The American Cancer Society directs relatively nothing to childhood cancer research. They do, however, do a lot of good in other ways. It is maddening to me, as the mother of a childhood cancer survivor, that this gigantic charity continues to use children in marketing. If they are going to tug at our heart strings--then they need to back it up with real support and real research. 46 children a day are diagnosed with childhood cancer. It is heartbreaking. It is a very real war we are waging. All of this said, my prayers and my support go to this beautiful little girl fighting cancer. She is a hero. Signed, The mother of brain tumor survivor.
Lauren Burgoon June 08, 2013 at 01:41 AM
I feel the need to step in here. We heard about Claire's story, learned of the Gloucester Twp. connection and pursued it. Whatever you think about ACS, this article is not about the organization using "children for marketing." That accusation is pretty insensitive in light of the tough fight this little girl is facing. No one is trying to profit from her illness.
Trish Adkins June 08, 2013 at 02:09 AM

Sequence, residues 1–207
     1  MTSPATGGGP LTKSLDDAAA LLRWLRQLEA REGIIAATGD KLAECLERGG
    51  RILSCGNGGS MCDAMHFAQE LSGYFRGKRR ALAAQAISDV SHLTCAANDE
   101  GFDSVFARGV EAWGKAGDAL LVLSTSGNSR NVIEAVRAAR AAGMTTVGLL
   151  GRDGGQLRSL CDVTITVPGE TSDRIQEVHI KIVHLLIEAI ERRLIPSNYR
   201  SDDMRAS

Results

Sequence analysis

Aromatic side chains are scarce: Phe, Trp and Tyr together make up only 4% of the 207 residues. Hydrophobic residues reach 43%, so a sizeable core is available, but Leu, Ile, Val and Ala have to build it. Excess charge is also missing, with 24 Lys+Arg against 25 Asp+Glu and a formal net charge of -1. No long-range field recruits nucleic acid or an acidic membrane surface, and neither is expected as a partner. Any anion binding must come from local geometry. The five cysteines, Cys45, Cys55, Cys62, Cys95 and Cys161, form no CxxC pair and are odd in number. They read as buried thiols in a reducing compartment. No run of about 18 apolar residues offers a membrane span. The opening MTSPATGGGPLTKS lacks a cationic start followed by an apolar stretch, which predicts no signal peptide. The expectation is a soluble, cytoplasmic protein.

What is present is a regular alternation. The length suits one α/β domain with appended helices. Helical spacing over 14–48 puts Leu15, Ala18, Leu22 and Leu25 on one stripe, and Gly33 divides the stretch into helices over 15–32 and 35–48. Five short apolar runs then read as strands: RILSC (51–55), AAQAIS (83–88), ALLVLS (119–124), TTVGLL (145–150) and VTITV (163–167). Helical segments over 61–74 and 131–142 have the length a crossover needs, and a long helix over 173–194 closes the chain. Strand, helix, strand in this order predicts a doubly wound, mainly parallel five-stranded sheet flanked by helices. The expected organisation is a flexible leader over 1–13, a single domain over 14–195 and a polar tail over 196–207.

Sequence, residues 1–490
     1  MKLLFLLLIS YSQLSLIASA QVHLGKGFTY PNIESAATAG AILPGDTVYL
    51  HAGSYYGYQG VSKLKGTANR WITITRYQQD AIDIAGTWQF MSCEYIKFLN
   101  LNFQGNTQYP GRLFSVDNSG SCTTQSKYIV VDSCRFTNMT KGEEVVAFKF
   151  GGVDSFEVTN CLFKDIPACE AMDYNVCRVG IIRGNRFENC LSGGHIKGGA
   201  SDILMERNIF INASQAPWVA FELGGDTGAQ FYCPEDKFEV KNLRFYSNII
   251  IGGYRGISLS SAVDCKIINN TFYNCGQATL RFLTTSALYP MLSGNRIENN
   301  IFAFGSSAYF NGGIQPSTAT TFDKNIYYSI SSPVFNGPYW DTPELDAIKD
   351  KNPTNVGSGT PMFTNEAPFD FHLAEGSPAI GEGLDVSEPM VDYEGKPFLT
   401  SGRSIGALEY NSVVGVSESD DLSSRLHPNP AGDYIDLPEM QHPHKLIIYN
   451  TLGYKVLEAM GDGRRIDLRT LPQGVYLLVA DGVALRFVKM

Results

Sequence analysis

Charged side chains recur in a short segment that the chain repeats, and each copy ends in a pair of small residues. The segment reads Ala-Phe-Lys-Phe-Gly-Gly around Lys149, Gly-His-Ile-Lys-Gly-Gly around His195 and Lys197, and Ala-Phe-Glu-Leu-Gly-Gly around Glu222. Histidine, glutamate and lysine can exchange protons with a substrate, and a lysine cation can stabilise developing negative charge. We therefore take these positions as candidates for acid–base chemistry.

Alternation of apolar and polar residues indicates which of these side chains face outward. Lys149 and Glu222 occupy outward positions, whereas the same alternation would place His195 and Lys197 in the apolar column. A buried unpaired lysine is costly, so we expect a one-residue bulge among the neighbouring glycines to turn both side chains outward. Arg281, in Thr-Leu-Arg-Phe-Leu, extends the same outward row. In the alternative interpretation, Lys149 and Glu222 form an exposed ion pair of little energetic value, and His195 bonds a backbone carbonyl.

Claire is a warrior and a hero. There is no doubt.
Patch reader June 08, 2013 at 02:32 AM
I don't think anyone is disputing the face that Claire is a Warrior. But if you want to find a CURE for childhood cancer. You should not donate to ACS. I believe that was what the previous poster was saying.
Lisa Hallsworth June 08, 2013 at 12:00 PM
Besides raising money for cancer research, the premise of Relay for life is to CELEBRATE, REMEMBER, and FIGHT BACK. Claire and her family are fighting very hard right now. This team was formed to help rally around them and show love and support. Come out and see the love and support that is there. FYI, we are walking for CHOPs childhood cancer walk in September. We can share the love!